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An open letter to the Santa Cruz City Council in protest of police infiltration:

It is an outrage that the Santa Cruz Government has been found to be infiltrating legal political activities in Santa Cruz through its police department.
An open letter to the Santa Cruz City Council in protest of police infiltration:

It is an outrage that the Santa Cruz Government has been found to be infiltrating legal political activities in Santa Cruz through its police department. These police agents lied about their names, contact information, and reasons for attendance in planning meetings. Their purpose was to spy on and potentially disrupt the legal political activities of activists organizing a New Years event that includes an anti-corporate and anti-war message.

This COINTELPRO type interference against the left by the supposedly liberal Santa Cruz City Government is an intolerable violation of the Democratic rights of the people of Santa Cruz.

The U.S. government, including the Santa Cruz Police, spy on, disrupt, and use violence against the left for one reason: They are afraid of and opposed to democracy.

Since the boss of the Santa Cruz police are the City Council we demand that the City Council make a public apology for this violation of basic democratic rights, fire all officers involved including Lt. Rudy Escalanate, and give a promise not to not carry out similar activities in the future.

The politicians that we are holding directly accountable and expect responses from are: Cynthia Mathews, Scott Kennedy, Tony Madrigal, Mike Rotkin, Ed Porter, Tim Fitzmaurice, Ryan Coonerty, and Emily Reilly.

Sincerely, Steven Argue
For Liberation News
lists.riseup.net/www/info/liberation_news

Undercover officers monitor New year's planners
santacruz.indymedia.org/newswire/display/19260/index.php

Send protest letters to the Santa Cruz City Council at: citycouncil (at) ci.santa-cruz.ca.us.
 
 


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Comments

Re: Undercover officers monitor New year's planners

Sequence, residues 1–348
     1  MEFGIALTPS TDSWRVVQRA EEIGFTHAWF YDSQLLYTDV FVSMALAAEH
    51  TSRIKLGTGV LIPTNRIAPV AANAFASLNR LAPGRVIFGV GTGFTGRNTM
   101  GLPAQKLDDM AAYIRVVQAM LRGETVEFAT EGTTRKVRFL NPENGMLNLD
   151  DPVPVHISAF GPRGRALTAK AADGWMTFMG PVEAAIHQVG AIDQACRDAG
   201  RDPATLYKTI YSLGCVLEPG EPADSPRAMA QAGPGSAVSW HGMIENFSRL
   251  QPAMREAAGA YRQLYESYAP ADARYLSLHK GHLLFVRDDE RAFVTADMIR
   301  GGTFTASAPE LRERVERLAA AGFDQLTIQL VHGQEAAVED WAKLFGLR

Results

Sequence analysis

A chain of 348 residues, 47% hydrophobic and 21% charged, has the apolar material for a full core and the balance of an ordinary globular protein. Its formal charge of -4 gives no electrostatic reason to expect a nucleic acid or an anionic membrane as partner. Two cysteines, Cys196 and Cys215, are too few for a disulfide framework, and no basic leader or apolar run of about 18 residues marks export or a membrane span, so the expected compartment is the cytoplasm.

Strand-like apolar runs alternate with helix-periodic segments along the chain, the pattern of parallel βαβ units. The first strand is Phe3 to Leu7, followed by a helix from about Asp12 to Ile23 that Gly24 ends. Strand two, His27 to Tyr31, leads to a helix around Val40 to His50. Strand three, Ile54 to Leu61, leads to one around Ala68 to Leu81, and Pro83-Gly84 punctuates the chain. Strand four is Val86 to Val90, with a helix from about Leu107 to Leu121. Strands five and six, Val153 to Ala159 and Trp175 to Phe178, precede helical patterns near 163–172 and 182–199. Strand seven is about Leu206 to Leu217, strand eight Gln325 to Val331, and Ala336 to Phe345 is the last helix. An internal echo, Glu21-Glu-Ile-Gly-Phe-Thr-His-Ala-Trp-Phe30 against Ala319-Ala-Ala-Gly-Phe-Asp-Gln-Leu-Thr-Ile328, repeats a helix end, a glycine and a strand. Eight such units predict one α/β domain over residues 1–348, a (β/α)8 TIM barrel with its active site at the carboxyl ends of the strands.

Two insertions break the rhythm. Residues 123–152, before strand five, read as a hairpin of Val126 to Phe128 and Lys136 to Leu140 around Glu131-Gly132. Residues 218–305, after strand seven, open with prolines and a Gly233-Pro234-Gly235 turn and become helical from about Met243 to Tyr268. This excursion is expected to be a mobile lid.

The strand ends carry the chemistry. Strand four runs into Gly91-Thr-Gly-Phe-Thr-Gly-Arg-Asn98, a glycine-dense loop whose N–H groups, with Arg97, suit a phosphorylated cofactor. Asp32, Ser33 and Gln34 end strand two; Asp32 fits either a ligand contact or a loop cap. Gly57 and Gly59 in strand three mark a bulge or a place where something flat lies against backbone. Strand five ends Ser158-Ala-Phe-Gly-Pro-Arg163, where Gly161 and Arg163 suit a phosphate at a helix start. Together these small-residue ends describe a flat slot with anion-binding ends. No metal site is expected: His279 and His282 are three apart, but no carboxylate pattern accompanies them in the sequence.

Undercover officers monitor New year's planners
santacruz.indymedia.org/mod/otherpress/display/679/index.php
 

Re: An open letter to the Santa Cruz City Council in protest of police infiltration:

I know Scott's been on the council in the past, but what does he have to do with this most recent police abuse? I mean, the guys no angel but I hardly think he's culpable in this fiasco.
 

Re: An open letter to the Santa Cruz City Council in protest of police infiltration:

I think its Escalante.
 

Corrections

I forgot that Scott Kennedy was voted off of the City Council. He should be removed from this list.

On Escalante, I also seem to remember it being Lt. Rudy Escalante from his involvement in the repression of the May 22, 1999 anti-war demonstration. The spelling I used here earlier was from the Sentinel and is probably incorrect.
 

Re: An open letter to the Santa Cruz City Council in protest of police infiltration:

I remember the SC police doing nasty dirty and illegal things when I lived there in 1989. I was spied on in SC by a man we nicknamed "BUN" for Big Ugly Narc. Maybe he is still urking there...he is an old man with long white hair who wears this digital watch thing. He was so well known as a narc in the 80's in SC that one year someone went as BUN at Halloween and EVERYONE knew who he was playing!!!!! Unreal. I have endless stories of me and BUN.